Sunday, August 29, 2010

PICKLES

One of the first operettas described in this blog, IN OLD VIENNA (with the subtitle PICKLES) was an immediate favourite of mine, for its almost perfect construction. So imagine my surprise when I came across an eBay listing for PICKLES (or IN OLD VIENNA) that not only had the original creators Benedict, Wilson, and Crane, but now added to that list "edited by Alfred Wathall" and "dramatized by Frederick G. Johnson". That last name is important, because if you look at other entries here that deal with works by Johnson, you find a collection of scripts noted for their off-beat humour. Knowing that somehow he had been roped into working on a possible revision of this already remarkably comic piece was just too inticing.

And imagine my further surprise to see that the cover art had been drastically changed: a more expansive layout, a more detailed illustration... which turned out to be only one of the many alterations that went into this piece when Carl Fischer Inc bought the property from H.T. Fitzimmons. I dont know if Fischer bought the entire HTF catalogue or only selected works, but when they took this one, changes were clearly made.

Naturally, it's almost impossible to know where Wilson and Crane revised their work and where Johnson took over, but they're there. The alterations to the book are slight but develop the already outrageous characterizations even further: Jigo, the evil gypsy father, is now almost melodramatically evil, while his supposed daughter Ilona is even more of a victim of her father's mechanizations. But what's intruiging is how the Jones/Ilona subplot has now been pushed to the forefront, taking the focus off June and Arthur in the process. It's all done almost delicately, which suggests that Johnson didnt want to tinker too much for fear of incurring the wrath of Wilson and Crane for mangling a solid piece of work. But an already polished book is now even tighter.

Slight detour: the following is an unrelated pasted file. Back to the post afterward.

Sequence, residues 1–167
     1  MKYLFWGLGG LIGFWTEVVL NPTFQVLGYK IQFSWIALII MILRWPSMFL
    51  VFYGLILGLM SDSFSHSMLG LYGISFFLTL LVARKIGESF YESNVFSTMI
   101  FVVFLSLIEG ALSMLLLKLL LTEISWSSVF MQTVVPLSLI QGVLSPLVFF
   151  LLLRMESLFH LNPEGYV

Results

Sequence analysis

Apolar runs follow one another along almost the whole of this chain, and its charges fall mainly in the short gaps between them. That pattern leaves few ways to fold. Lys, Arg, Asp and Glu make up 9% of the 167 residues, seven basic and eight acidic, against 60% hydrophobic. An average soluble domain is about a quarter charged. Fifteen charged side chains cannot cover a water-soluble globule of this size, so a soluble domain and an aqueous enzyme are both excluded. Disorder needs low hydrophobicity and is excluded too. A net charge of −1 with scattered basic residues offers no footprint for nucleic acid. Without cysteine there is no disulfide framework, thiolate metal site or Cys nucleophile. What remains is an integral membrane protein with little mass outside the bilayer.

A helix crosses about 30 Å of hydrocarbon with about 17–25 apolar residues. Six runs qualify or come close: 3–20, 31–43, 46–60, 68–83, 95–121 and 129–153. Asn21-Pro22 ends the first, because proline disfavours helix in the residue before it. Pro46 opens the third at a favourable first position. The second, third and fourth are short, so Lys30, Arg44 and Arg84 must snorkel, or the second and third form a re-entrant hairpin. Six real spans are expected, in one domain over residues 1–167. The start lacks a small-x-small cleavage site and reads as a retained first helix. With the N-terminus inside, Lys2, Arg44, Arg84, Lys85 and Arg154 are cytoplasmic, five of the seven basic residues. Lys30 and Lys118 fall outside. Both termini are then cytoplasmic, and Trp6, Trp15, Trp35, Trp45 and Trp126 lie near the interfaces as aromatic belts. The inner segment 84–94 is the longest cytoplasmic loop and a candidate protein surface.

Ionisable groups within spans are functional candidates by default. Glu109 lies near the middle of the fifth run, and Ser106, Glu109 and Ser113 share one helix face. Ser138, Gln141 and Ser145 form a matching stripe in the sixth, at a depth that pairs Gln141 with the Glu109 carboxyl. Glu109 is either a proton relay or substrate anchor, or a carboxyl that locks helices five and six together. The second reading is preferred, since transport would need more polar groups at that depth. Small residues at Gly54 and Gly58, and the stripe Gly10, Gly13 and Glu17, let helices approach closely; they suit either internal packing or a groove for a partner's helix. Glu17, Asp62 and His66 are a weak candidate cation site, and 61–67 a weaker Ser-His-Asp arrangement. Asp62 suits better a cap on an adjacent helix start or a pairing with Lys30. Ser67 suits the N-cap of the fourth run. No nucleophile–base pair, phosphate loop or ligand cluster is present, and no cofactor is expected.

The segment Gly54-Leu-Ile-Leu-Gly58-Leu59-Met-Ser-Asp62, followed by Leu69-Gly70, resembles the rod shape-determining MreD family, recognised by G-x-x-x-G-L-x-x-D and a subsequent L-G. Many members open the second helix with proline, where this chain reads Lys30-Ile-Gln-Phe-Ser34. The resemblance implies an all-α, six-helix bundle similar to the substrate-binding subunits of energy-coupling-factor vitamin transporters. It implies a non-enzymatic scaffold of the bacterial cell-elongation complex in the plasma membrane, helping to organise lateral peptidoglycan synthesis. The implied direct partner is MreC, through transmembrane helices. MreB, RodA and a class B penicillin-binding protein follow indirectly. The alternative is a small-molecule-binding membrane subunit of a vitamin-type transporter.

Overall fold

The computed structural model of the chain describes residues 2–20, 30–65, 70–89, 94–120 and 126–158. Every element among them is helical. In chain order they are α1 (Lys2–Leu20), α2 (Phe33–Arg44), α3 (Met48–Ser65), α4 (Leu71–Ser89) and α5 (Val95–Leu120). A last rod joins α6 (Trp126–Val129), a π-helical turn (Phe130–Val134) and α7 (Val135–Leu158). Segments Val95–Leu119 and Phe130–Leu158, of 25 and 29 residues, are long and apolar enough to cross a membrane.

But the music... Dear Reader, this is where we strike gold. The choral work is now far more layered, with much more parts work, and there's an amazing sextet at the end of the first act in which major themes are played on top of each other in the kind of blend that must have driven musical directors to nervous distraction in performance every night. Benedict's piano arrangements have been reset for four hands in one particular number in Act Two, and his parts work is now given more sweep and (dare I say it) near-operatic grandeur, with -- at one point -- ten harmonic vocal lines. The entire score has been amplified and enhanced; you can actually see that Benedict is taking more chances and, in the process, demanding more of his performers.

Because the original entry was written before I'd really gotten into this, you may remember that I commented that IN OLD VIENNA must have come from a professional production, even though there were no listings for it on IBDB.com. Having now seen so many examples of the kind of work this genre was capable of, I'm sure that this, like so many other gems in this collection, was written specifically for high school and community theatre production. But it's still the bar by which I measure new entries to this blog -- and with the receipt of this revision, the bar just went a little higher.

3 comments:

Anonymous said...

I starred in this in the 9th grade at Julia C. Lathrop Jr. H.S., IN Santa Ana, CA. I would like to see the book and score if I could find it.


M. Kimball
bevnme@sbcglobal.net

Nancy said...

Sean, you don't mention what year this second version of "In Old Vienna" or "Pickles" was published and I couldn't tell from the cover. It makes a difference because the photo I have is from 1936 and I'd like to know if the h.s. students would likely have been working from the original book & score or from the revised one. Thanks if you can help me. (I wrote earlier that I'm preparing a post to go with a photograph of the cast for this musical at http://nancysfamilyhistoryblog.blogspot.com.) I'll come back tomorrow or the next day to see if you were able to leave a comment. Thanks so much.

Sean Martin said...

Nancy, this one looks to be from 1938, so I would imagine the students would have worked from the original version.